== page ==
• I wasn’t going to say anything since it way my comment that started all this; however, this morning I was reading ltrs to the editor in the Washington Post and one was objecting to fundng “the arts.” David Wonderling says: “People are taking pay cuts, being laid off and losing homes…Fund the arts and pet projects when the nation is once again flush with cash.” Those here who are working artists understand that selling art is part of the business of being a working artist. Those of us who are, indeed, working artists, need to take back the art world from those who review in coded language and display work that makes you go “Huh?” Art is not rarified. It is not special. It is focus and passion just like any work that makes sense. It is no less deserving than farm aid which feeds the body, for art feeds the spirit. The sooner we take back the definition of “art,” the sooner art in schools will be seen as the necessity that it is, and the sooner funding artists who work at their business will not seem untoward.

  • Not at all. The fact that someone is willing to pay means you made something that is valuable for someone else. It is perfectly fine to create art only to satisfy yourself, which is more selfish in a way, but then you need another job to make a living. It is your choice. Life is fair. The happiest artist must be one who create art for themselves and still the art is loved by other people. I believe that an entrepreneur, which I am, is an artist. I always dream of creating something that I am passionate about and that people will find valuable. Just different tools and media. Capitalism is a very misleading terminology. It gives feeling of guilt to people who exchange goods and ideas with other people freely. We should call it free market, a much better description.

  • My husband is the artist, and it’s my job to sell his art so he can keep creating and at the same time support our family. Sometimes I’ll hear someone say that he “sells out” because he licenses his art for printing on products (clothing, beach towels,etc.). It hurts to hear that, mostly because we work so hard at what we do, and his art brings so much joy to people. He doesn’t consider himself a fine artist, he calls himself a commercial artist. I don’t know if that makes a difference, but I suppose a fine artist wouldn’t want their art printed on t-shirts! The bottom line is this: Why would any artist want to keep “the Starving Artist” curse alive!? It’s my plan to turn that old curse around and to see evey artist become a “well fed artist”!

  • I am a capitalist and proud of it! I work 14 hours a day, asking for no bail outs. My art pays for the food I eat, the clothes I wear, the gasoline I buy, the supplies I use. Is getting paid for my hard word ‘Greed’? I guess some people must think so.

  • Daniels first post said what I would have said. There exist odd ideas I suspect born in college art classes like canvas must breathe, art exhibition entries should all be free, money is bad (by the way so are awards). Some persons hold on to these ideas long past their usefullness -passing the art class, into their adult lives. While I’m at it-there is no such thing as “sugar high” in normal healthy people. Let that one go too. All food that goes into your mouth must be converted into blood sugar including fruits and veggies.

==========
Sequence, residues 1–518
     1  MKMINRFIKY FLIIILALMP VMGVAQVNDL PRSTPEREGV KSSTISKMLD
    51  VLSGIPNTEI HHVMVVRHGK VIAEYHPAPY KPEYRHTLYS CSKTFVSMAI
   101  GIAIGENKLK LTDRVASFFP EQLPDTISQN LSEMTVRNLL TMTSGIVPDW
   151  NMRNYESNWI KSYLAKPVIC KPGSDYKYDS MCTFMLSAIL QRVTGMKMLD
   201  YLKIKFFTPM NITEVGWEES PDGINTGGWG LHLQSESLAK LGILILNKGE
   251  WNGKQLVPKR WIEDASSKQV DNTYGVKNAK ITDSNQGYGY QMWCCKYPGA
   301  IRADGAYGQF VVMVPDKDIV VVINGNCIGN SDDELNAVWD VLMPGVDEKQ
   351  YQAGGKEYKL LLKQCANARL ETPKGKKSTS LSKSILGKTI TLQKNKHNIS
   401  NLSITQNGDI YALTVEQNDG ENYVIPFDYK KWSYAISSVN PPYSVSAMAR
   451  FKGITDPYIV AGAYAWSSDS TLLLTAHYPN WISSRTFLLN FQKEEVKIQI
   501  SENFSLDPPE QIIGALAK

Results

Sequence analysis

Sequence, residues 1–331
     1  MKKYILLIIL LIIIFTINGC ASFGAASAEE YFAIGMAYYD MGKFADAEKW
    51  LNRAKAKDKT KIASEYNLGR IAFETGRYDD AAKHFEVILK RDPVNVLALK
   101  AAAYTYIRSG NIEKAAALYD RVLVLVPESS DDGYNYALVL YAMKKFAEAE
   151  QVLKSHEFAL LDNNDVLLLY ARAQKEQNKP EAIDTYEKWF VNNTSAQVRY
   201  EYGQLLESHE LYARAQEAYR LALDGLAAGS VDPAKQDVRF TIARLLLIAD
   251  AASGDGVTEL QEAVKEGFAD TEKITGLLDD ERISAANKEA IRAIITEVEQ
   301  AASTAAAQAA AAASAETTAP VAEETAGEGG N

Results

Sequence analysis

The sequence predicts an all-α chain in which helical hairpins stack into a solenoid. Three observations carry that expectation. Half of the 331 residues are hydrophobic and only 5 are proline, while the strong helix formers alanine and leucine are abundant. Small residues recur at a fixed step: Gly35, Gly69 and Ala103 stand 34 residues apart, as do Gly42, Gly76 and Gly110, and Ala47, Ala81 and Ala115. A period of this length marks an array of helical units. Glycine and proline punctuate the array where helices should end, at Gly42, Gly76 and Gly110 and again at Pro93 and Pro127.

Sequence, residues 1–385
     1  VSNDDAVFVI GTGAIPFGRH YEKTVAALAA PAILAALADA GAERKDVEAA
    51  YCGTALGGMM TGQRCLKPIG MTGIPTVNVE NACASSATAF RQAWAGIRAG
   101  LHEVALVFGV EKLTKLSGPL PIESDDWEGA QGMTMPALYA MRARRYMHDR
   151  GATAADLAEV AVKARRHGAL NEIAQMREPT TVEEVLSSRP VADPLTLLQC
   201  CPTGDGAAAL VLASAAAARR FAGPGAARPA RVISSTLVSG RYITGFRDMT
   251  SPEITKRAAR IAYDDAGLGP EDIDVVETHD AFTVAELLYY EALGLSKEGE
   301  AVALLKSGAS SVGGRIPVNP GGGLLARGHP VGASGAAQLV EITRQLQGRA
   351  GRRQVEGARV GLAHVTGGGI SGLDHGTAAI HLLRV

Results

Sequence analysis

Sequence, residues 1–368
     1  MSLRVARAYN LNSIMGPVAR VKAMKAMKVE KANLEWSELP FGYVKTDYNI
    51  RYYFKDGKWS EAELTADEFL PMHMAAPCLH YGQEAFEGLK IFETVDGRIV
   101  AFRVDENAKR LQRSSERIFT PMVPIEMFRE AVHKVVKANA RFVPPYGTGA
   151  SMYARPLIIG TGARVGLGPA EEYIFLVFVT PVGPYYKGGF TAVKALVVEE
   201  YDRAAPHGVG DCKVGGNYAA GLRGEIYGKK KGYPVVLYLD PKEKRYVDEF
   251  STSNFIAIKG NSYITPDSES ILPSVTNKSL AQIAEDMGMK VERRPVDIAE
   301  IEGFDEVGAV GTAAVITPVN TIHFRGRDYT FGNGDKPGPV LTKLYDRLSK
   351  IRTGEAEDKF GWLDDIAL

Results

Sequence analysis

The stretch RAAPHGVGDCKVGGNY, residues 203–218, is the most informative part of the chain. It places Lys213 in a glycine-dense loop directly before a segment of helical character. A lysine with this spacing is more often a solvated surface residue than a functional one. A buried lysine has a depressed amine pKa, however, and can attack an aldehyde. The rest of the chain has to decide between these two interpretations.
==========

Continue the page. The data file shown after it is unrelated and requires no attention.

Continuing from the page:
• What a pleasure to read these thoughtful comments, I am glad you all took time to share your thoughts. I agree, so far, closely with Michael Lynn Adams above. But I have some other thoughts in a different direction: some months ago a museum curator posted a dig about selling art, about art galleries…and was arrogantly in support of the idea that real artists exhibit in museums “free” from the constrains of money. That is one point a view. Another is that art is negligible, a luxury, and that artists are lucky and self-indulgent. How many times have you heard that you are lucky to be an artist? There is a view that art is like making love. Which taken literally makes a money exchange a little uncomfortable. I think the answer is show the love and value one has for art, and to be a realist when it comes to practical matters. A practical idealist. :)

  • Michael N: I understand this. The museum curator role is from my old life, so it sounds familiar. It’s easy for the curator (who makes a steady salary) to say that. And, yes, I’m sure “You’re lucky to be an artist” is heard far too often by artists. I’ve got to watch myself and make sure I don’t say it because luck has nothing to do with it! I like “practical idealist.”

  • I’ve always thought it interesting that those involved in the arts are supposed to be different than the rest of the world. We’re supposed to have loftier thoughts, deeper hearts, emptier wallets. Also interesting to see how male artists perceive their work as opposed to female artists in the responses.
    Perhaps it’s time to look into the stereotypes we ourselves might be helping to perpetuate.
    I love Nicole’s description of herself as a grateful capitalist.

  • Charles

    You can be the greediest person on earth and never add a dime to your lot. The rapacious desire to possess things doesn’t imply that you have those things. Greed is not a paradigm usually found among artists. As the father of a young artist, I see no greed in her desire to express, and expose, her inner most ideas and thoughts for others to experience.